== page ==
CTTT’s Art Carter drove over from the Eastern Shore of Virginia to meet people from the African American Heritage Society. CTTT’s involvement in this particular SDP sleepover began several months ago when PV and Joe McGill invited us to partner with them, not just for this occasion, but potentially on an ongoing basis. In parallel with The Slave-Dwelling Project’s mission of bringing recognition to the lives and contributions of the enslaved Africans, PV wants to encourage SCAAHS and SCHS to take their interest in local history to another level of telling the meaning of the histories of the people, the land, the lives, and the events, and weaving local history into American history, making the stories of African Americans, Native Americans and European Americans of Tidewater Virginia into the stories of all Americans.

    Three weeks before the SDP overnight, PV staff members Jennifer and Todd went with Prinny Anderson from CTTT to meet with the SCAAHS. After Prinny’s talk about the work of CTTT, the chairman of SCAAHS asked if the time was right for their organization to begin talking openly about race, about the story of the races in Surry County, and its meaning for the country. By the end of the meeting, the SCAAHS members were discussing Bacon’s Rebellion and the racialization of slavery in the U.S., events that happened in their back yards, a story directly linked to their stories, and a story worth bringing forward into the national consciousness.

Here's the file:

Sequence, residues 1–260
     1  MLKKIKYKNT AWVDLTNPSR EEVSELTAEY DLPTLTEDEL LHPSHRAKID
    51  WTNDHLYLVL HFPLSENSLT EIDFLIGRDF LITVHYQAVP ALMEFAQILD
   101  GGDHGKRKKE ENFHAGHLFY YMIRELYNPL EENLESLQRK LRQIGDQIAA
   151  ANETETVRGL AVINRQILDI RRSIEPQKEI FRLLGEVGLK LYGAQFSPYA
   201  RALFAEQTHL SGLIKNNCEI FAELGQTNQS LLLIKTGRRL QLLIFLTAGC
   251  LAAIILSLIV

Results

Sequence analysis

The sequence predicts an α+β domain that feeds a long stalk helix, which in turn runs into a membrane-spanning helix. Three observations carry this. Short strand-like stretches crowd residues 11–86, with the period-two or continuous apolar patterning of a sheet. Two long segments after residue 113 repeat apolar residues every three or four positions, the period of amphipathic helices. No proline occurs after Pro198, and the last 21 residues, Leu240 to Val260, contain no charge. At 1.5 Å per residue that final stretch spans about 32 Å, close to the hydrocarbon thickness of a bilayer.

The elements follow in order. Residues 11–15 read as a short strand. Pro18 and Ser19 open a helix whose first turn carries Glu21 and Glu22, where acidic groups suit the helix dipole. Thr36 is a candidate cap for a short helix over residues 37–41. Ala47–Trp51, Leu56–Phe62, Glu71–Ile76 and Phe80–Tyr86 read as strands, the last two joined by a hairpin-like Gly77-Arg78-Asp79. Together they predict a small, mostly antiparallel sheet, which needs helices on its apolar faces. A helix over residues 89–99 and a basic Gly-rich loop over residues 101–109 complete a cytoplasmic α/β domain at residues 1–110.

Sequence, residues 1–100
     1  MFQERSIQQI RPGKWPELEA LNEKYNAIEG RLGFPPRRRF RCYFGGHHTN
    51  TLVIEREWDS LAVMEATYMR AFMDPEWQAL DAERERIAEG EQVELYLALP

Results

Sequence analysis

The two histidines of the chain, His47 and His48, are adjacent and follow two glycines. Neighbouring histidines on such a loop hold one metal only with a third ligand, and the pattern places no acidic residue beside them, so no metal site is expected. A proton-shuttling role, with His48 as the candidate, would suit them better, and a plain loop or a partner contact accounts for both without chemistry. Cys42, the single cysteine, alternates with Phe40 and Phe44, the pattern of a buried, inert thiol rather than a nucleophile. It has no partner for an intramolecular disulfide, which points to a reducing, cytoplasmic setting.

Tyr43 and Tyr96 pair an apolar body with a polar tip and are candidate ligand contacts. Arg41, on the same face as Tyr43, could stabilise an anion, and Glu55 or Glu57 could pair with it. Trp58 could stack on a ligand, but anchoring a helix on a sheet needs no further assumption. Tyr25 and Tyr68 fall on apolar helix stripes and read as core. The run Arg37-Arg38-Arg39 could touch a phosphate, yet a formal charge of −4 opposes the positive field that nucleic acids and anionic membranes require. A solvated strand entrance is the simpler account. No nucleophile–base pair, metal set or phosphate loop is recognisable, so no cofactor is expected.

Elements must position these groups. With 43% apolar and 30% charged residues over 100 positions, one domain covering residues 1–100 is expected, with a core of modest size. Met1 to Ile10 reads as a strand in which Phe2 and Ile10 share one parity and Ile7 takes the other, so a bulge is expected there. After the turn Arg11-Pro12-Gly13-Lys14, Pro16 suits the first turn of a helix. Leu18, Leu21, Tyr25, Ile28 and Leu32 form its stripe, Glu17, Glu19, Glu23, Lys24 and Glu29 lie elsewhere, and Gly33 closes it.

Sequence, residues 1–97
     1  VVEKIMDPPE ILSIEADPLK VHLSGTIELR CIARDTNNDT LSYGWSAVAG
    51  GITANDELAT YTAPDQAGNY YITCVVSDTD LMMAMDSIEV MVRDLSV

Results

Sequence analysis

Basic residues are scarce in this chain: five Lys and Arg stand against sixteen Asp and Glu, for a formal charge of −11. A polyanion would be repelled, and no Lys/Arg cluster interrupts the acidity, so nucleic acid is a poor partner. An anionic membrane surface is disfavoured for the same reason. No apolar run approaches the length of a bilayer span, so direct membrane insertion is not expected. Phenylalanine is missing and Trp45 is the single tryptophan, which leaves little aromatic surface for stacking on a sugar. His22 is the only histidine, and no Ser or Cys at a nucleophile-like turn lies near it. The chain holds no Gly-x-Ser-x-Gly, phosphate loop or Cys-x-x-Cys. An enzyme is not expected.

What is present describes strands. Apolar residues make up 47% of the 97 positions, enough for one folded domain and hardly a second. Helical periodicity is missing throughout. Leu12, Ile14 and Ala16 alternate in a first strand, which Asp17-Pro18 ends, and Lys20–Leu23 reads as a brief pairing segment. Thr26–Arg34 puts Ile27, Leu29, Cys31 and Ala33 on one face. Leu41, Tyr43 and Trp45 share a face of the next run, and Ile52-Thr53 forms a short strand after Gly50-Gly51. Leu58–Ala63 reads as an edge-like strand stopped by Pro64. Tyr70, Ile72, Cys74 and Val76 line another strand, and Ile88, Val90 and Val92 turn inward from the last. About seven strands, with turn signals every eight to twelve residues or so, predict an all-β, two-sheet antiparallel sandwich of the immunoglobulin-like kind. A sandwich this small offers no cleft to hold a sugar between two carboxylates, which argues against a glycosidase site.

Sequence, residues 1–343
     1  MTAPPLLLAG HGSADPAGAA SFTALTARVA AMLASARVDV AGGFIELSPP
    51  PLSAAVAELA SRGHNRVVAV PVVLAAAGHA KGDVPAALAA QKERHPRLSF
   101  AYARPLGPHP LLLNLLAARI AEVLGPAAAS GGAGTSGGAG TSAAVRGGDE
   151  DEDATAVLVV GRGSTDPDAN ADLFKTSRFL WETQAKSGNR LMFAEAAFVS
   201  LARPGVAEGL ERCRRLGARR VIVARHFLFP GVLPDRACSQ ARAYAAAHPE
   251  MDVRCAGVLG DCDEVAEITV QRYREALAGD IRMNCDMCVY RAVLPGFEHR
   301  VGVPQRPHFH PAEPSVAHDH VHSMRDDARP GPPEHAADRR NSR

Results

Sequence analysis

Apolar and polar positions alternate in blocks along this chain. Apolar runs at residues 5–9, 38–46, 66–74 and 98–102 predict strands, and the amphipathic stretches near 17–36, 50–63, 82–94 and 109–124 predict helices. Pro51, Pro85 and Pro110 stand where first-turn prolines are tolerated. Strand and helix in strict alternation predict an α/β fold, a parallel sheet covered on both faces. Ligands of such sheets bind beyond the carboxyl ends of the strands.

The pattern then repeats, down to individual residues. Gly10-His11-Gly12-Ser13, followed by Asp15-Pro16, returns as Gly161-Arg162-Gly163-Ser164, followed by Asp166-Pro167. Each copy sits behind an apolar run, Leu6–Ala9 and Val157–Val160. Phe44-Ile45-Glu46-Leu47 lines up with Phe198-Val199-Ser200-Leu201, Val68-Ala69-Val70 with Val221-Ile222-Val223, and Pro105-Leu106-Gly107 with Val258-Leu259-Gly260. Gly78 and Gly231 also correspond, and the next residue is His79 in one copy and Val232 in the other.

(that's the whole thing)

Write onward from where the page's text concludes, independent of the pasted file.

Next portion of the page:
CTTT hopes that through its participation in these events and whatever further activities are planned, it can support PV, the Heritage Society and the Historical Society in continuing the conversation about the issues raised during the night at Bacon’s Castle and in reaching the goals sketched out at the SCAAHS meeting three weeks before.

    Links to the Daily Press stories about the October 5/6 overnight and a video made by Allison Williams, the reporter, about the Slave-Dwelling Project’s work:

    Announcement of overnight: http://www.dailypress.com/news/isle-of-wight-county/dp-nws-soj-notebook-1005-20121004,0,1860127.story

    First story: http://www.dailypress.com/news/isle-of-wight-county/dp-nws-slave-dwelling-project-20121008,0,6496097.story

    Reflections from reporter: http://www.dailypress.com/news/isle-of-wight-county/dp-nws-soj-notebook-1012-20121011,0,549403.story

    Video – Slave Dwelling Project: http://www.dailypress.com/videogallery/72790797/News/Video-Slave-Dwelling-Project

    From Whence We Come: Toni Renee Battle

    I met Joseph McGill, Jr. in March of 2012 and he told me about his work through The Slave Dwelling Project. I found within my spirit an immediate response to his work. My steps were being ordered to partake in this ancestral journey. We met at the Coming To the Table (CTTT) national gathering, which brought together descendants of the enslaved, slave owners and slave traders for the purposes of healing from the legacy of slavery, but also doing action work, creating safe spaces for difficult conversations and family history research in today’s times.

    Devin Berry, who is also a member of CTTT, and I committed to attending a slave dwelling overnight with Joseph during the same weekend. Through community donations, he and I were able to embark on an incredible experience that will last a lifetime.